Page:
I’ve had quite a few requests for a guest post from la mère, and so here it is! I called her a few weeks ago and asked her to put together some notes on her general musings about style, and more importantly, being stylish on a budget which la mère is an absolute pro at. I then promptly forgot about it until she announced at our lunch last weekend that she had finished said post and would be sending it to me shortly. I have been anticipating this just as much as some of you, and so I am happily introducing you to la mère who has taught me nearly everything I know about fashion. These are her thoughts on style, budgets, and a few other things that she snuck in as well:
What mother does not love to dispense with advice? Few things make me happier than a request for guidance accompanied by a gin and tonic.
I am thinking that to make this brief bit of notes seasonal would be the most helpful. So, our little fille stylée is on a budget and trying to stretch the pennies to allow for clothes, shoes, a haircut, and Thursday night happy hour? Oh, and rent, too? Have no fear; all is well.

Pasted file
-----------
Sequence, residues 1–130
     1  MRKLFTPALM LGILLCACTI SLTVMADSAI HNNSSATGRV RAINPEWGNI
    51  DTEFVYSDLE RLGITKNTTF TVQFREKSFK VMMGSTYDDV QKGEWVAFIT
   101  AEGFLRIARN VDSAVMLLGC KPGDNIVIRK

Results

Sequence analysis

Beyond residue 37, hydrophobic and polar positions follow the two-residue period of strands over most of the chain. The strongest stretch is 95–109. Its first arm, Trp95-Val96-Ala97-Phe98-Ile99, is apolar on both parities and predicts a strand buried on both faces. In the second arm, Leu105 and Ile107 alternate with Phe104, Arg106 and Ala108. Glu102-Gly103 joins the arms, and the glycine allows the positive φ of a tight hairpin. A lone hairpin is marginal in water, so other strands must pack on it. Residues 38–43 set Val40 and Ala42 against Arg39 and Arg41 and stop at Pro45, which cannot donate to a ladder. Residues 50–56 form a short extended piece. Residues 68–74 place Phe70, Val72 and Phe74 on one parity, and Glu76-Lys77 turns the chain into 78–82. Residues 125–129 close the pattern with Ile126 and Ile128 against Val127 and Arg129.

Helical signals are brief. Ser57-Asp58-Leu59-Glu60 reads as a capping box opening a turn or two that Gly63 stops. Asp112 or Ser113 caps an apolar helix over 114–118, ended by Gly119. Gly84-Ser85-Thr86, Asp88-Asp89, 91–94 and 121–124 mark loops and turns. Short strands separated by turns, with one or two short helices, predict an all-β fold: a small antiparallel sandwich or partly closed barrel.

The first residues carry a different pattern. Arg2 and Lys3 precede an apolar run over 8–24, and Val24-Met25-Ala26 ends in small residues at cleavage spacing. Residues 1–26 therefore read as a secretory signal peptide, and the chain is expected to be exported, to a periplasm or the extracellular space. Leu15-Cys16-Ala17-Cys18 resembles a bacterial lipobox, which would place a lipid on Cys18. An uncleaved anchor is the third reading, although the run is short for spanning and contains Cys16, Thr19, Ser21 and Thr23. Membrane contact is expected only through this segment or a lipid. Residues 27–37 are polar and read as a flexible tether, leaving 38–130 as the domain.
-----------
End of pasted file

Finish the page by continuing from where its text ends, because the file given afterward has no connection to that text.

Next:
First off, lets have at some of the basics of what makes up a solid fall/winter wardrobe, shall we? Note to the rookie: I’m assuming you own a very good pair of black mid-heel pumps, proper fitting bras, and pearls.
You’ll need a good coat in a high quality fabric and not necessarily black. Avoid brown, please, unless you’re stuck in Connecticut. Hunt for a lovely color, such as red or cobalt. Really, trust me on this. A brilliant color in a quality wool trumps black any day. Just watch the color – avoid the trends like “eggplant” or “olive”. Think classic. True green is okay if you’re truly a redhead but I’d avoid it. Now where can we find this coat? Try the major department stores and wait for the sale – these coats always go on sale. If you have dollars to spare and live in a moderate climate with cool, rainy days, opt for a well-tailored trench with a removable lining. Stick to classic lines, princess seaming (double-breasted only if you’re rail thin) and if you’re under 5’4” it really makes sense to buy a petite size. Smaller women really need to be alert to a coat appearing as if it’s wearing them instead of the other way around. Really, I find the women’s chain stores wickedly overpriced for these items and the quality just seems hit-or-miss. So if you really love your Banana Republic or Ann Taylor, go forth. Just remember to eye the quality with a critical eye. Don’t assume that a “wool” coat is necessarily of quality – I’ve seen some awful coats of poor quality that were labeled “100% virgin wool” that had puckered seams and a stiff hand.